There may be other short assignments throughout the class. They could include your written thoughts and questions about one of the readings or a class discussion, other short written assignments, and perhaps an occasional short quiz. I may encourage you to discuss these assignments with other students (except, of course, the quizzes). However, unless I specifically say otherwise, the work you turn in for the assignments must be entirely your own.


Extra Credit:

By participating in experiments done within the Psychology Department, you can learn first hand how experimental psychology is done, you can contribute to the advancement of the field, and you can improve your grade through extra credit.

You can sign up to participate in experiments at

You will receive one credit for each half-hour of experimental participation. Each credit will add one-half of one percent to your total number of points.

If you sign up to participate in an experiment and do not show up, you lose one credit for each credit you would have received.

The total amount of extra credit you can receive is 8 credits, which will take 4 hours, and will add 4% to your point total.

If you purchase a new copy of the textbook with access to the online experiment demonstrations (ZAPS), then you can also earn extra credit by writing a report for each of the experimental demonstrations that you complete.

Each report should be at least 350 words, and must be well written to receive credit.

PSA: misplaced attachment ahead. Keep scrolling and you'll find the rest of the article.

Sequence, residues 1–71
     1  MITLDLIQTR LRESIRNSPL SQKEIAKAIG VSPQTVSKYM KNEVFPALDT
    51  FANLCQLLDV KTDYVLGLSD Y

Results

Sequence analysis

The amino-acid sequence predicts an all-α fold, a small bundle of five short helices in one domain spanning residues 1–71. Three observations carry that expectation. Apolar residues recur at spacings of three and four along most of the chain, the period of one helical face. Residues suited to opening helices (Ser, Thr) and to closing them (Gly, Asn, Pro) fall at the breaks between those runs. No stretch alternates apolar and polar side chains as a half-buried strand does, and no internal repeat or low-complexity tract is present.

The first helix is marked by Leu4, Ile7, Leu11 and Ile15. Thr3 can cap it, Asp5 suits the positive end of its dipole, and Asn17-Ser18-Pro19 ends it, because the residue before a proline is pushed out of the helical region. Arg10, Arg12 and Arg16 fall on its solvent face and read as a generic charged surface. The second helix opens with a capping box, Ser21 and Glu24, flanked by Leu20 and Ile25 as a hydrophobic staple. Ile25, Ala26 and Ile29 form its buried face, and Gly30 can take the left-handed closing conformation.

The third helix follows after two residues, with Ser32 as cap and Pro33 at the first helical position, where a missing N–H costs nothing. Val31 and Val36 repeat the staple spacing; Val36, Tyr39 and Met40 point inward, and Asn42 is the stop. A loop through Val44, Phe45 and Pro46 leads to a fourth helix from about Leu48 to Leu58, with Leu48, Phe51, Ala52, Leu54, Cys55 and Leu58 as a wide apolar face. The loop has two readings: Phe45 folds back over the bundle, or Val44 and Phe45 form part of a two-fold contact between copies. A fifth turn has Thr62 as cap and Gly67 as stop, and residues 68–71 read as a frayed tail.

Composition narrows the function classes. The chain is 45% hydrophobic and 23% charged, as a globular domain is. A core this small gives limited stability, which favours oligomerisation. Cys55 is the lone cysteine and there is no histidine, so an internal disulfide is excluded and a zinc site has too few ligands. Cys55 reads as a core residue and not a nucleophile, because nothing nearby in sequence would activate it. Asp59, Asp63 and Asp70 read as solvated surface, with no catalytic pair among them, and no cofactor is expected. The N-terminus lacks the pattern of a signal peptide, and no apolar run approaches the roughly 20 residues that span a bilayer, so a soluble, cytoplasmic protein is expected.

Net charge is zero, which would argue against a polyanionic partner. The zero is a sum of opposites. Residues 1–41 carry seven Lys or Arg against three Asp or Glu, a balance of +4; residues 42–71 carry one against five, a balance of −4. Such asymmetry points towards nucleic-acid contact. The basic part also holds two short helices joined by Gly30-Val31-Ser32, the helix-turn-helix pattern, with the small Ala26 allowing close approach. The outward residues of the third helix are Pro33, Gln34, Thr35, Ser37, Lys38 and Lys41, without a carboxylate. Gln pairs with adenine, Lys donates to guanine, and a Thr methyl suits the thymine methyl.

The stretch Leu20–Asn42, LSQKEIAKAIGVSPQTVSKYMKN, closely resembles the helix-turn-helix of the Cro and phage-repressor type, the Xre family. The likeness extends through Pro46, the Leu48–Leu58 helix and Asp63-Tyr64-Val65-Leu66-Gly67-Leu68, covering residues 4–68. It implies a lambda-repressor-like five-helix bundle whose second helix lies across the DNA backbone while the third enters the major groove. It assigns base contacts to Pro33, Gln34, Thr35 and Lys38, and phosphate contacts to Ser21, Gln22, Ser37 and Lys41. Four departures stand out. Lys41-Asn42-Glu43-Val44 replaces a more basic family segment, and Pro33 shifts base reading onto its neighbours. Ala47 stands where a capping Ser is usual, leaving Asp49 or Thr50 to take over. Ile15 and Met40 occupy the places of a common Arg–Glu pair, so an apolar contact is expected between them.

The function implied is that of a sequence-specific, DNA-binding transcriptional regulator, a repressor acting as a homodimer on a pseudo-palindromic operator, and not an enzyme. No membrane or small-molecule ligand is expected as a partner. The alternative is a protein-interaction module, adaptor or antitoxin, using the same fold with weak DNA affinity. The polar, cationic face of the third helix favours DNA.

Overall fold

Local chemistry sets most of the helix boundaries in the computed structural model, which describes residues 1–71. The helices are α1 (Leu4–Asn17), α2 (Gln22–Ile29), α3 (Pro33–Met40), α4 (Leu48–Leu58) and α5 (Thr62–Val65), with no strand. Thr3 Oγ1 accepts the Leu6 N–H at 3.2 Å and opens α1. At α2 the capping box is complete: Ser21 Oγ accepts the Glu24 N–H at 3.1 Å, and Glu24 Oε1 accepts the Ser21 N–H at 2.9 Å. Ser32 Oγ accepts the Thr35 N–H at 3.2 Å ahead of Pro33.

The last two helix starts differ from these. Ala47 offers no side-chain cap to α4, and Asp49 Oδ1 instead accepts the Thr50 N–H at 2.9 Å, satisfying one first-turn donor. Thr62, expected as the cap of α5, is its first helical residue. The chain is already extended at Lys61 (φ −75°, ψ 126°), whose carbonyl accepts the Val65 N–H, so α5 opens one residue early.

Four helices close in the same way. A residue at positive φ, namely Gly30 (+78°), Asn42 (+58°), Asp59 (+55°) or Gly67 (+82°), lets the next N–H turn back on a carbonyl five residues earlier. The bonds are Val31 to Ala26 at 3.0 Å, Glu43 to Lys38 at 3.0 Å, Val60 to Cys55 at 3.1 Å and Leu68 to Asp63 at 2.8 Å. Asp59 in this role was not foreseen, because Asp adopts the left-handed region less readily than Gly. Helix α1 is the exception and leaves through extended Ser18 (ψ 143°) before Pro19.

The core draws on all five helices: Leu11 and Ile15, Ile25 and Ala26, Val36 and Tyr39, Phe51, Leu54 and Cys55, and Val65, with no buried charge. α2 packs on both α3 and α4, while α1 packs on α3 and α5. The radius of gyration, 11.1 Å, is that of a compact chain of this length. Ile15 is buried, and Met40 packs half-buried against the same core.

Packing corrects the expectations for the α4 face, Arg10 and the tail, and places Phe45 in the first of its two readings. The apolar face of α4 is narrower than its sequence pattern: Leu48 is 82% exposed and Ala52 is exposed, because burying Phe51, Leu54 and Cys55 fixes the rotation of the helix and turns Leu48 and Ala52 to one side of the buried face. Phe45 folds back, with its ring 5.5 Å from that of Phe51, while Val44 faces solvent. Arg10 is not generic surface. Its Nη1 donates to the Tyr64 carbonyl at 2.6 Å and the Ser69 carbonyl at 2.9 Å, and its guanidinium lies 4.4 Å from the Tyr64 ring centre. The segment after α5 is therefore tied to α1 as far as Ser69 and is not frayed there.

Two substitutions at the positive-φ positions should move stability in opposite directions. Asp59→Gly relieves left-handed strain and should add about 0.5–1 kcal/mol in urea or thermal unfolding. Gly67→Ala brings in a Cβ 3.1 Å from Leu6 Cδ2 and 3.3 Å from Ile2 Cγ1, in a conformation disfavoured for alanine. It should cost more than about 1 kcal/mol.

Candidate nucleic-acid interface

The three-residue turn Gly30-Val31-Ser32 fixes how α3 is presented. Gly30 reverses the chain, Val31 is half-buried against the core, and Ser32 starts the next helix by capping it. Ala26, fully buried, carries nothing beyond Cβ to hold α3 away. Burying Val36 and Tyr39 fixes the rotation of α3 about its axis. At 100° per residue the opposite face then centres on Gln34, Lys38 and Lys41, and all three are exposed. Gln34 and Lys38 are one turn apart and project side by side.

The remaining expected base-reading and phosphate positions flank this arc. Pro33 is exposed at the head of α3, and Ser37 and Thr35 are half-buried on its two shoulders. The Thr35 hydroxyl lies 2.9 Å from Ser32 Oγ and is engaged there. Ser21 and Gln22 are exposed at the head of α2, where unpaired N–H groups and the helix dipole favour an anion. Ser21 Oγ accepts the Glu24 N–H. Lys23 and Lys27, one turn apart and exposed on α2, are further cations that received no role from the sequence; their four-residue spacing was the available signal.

If you complete a ZAPS experimental demonstration and write a satisfactory report, one-third of one percent will be added to your total number of points.

Choose your topics from this list.

Here are the limits on extra credit, whether it is earned by participating in Psychology Department experiments or writing reports on ZAPS experimental demonstrations.

The maximum extra credit that you can receive is 4% of the total possible points.

All extra credit must be completed by May 4.

Extra credit cannot make a failing grade into a passing grade.

Academic Honesty:

All students are expected to adhere scrupulously to the University policy concerning academic honesty.  If you fail to follow these rules, you could receive a failing grade for the class and be reported to the Academic Honesty Office. For more information on the University's academic honesty policy, check this web site:

Also, this website from Indiana University provides examples to help you understand how to avoid plagiarism.


Course grade:

The paper and any other assignments will make up 10% of the course grade. The rest of the grade will be made up of the four exam scores after the lowest score is dropped. See above under "Exams" for details.

Extra credit is available through experimental participation. See above.


An updated version of syllabus is available on the World Wide Web at:

Psych 315: Cognitive Psychology Kyle Cave Psychology Dept. U. Mass.